10-12-1932 – 08-19-2017 Dick Gregory – Born in St. Louis, Missouri. He was an African-American comedian civil rights activist, social critic, writer, and occasional actor. During the 1960s, Gregory became a pioneer in stand-up comedy for his “no-holds-barred” sets, in which he mocked bigotry and racism. Until 1961, he performed mainly to black audiences in segregated clubs. He became the first black comedian to successfully cross over to white audiences. His first big break was an appearance on the Tonight Show in 1962. He only agreed to go on the show if he could sit down with host Jack Paar afterward. Prior to this, African-American performers would have to leave the set immediately after performing. He protested the Vietnam War. Another issue that Gregory didn’t shy away from was homosexuality in Christianity. Speaking about King James – the English King who commissioned the translation of the Bible, which is now known as the King James version — and referring to the well-documented theory that the 16th century monarch was gay, Gregory said he was bemused by the fact that so many Christians – particularly black Christians – condemn homosexuality, yet vehemently follow the Bible. ” My mother, who’s been dead for years, was so spiritual and pure, you’d think that God had literally spat her out. But she didn’t know that King James was the King of England – or that he was a homosexual. King James hated women so much that he killed his own mother, and his lover was Lord Buckingham, who Buckingham Palace was named after. So when there was all this emphasis on how black Christians were condemning President Obama for supporting same-sex marriage, I was thinking, ‘But it’s [homosexuality] in the book y’all read!’ I’ve been going to black churches all my life, and in every church, everybody knew who the gay preachers were and which members of the congregation were gay. So I’m like, ‘Why, all of a sudden, are you condemning homosexuality like you didn’t know what was going on under your noses all that time?’”
10-12-1933 – 10-04-2018 Jinx Beers – Born in Pasadena, California. In 1975, she created Lesbian News (LN). It always came out on the first of the month and readers stood in line to pick it up at its various distribution points. It was entirely run by volunteers and went from four mimeographed stapled pages to 62 pages, and per Jinx’s insistence, the LN was always free. In 1975, she couldn’t even get a checking account in the name Lesbian News because no bank would allow the word “Lesbian” on the account. Also, it was impossible to get a P.O. Box or phone number with the word Lesbian, that’s how it became LN. It’s now a national magazine available online. In 1951, Beers joined the Air Force in order to earn assistance in getting a college degree. She earned a psychology degree from UCLA. In 1970, she taught a class called the Lesbian Experience. In 2009, Beers published her book, “Memories of an Old Dyke.” She is included in Lillian Faderman and Stuart Timmons’ Gay LA: A History of Sexual Outlaws, Power Politics, and Lipstick Lesbian and she is listed in Barbara Love’s book Feminists Who Changed America: 1953-1975.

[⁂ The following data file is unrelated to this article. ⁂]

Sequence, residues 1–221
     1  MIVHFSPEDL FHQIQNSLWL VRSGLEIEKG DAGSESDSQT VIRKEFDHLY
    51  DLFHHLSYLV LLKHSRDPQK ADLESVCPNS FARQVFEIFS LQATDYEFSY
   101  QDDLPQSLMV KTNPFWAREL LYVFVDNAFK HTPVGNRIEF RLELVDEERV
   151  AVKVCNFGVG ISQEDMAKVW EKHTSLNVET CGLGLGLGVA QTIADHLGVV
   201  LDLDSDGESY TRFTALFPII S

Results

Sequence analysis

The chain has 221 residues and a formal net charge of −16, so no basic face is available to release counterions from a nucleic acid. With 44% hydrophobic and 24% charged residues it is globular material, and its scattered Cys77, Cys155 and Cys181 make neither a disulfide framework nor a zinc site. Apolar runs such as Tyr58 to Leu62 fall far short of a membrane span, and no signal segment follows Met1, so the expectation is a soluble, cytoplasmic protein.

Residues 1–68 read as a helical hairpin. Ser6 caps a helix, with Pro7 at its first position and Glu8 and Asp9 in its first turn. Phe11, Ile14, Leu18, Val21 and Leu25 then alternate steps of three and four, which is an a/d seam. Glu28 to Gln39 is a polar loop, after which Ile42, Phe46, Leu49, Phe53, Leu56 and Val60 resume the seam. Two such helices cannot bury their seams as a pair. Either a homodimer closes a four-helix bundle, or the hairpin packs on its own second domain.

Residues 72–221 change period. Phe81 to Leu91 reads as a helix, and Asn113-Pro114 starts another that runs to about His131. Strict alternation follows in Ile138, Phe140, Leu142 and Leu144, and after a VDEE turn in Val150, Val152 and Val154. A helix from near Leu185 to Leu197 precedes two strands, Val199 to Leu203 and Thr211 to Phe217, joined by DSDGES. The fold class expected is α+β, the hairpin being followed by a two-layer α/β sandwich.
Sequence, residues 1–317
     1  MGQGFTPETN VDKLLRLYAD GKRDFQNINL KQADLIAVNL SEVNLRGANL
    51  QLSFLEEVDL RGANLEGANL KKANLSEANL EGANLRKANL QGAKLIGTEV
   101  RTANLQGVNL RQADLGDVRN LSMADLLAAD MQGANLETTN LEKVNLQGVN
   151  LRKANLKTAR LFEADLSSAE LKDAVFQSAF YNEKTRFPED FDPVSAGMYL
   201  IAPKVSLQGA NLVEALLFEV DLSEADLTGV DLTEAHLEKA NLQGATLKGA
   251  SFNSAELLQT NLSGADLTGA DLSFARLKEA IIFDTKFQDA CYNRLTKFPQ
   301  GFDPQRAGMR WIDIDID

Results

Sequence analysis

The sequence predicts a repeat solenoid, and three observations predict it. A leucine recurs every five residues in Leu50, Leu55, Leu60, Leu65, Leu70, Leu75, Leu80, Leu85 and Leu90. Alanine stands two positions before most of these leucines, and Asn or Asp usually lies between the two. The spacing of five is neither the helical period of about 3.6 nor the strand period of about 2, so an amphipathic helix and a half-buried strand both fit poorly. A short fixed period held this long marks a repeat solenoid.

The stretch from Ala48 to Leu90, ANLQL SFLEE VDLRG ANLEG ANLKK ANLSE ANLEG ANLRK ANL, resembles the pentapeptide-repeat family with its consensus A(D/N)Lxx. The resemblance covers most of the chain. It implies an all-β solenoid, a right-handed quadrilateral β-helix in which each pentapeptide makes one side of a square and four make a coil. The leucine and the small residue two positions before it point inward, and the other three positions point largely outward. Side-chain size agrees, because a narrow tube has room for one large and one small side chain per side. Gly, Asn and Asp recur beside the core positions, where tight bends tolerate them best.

10-12-1903 – 06-04-1998 Josephine Hutchinson – Born in Seattle, Washington. Her mother was Leona Roberts, an actress best known for her role as Mrs. Meade in Gone With the Wind. Through her mother’s connections, Hutchinson made her film debut at the age of 13 in The Little Princess (1917), starring Mary Pickford. By the late 1920s, she was one of the actors able to make the transition from silent movies to talkies. She also acted on Broadway. On television, she made four guest appearances on Perry Mason. Hutchinson also appeared in The Rifleman, Little House on the Prairie, Rawhide, The Twilight Zone, and Gunsmoke. In 1926, she met actress Eva Le Gallienne and by 1927 the two women were involved in an affair. The press dubbed her Le Gallienne’s “shadow,” a term which at the time meant lesbian. Both actresses survived the scandal and had successful careers.
10-12-1974 Shane McAnally – Born in Mineral Wells, Texas. He is an American country music singer, songwriter, and record producer. In 2001, McAnally moved to Los Angeles, where he came out as gay. He married his partner of five years, Michael Baum, in September 2012. The Academy of Country Music named him Songwriter of the Year in 2014. In January 2017, the couple was legally married by Nashville Mayor Megan Barry. (Photo courtesy of Megmcree)
10-12-1969 – 05-14-2016 Balázs Birtalan – Born in Budapest, Hungary. He was a Hungarian author, poet, publicist, and psychotherapist. Birtalan is mostly known for his participation in the gay Christian movement in Hungary. Between 1995 and 2003 he fought both homophobias of the Church and the anti-religious stance of the gay communities. His book Halállal lakoljanak? (Shall They Be Put to Death?) was published in 1997. A documentary of the same name was made in 2003. He died in 2016 of cancer.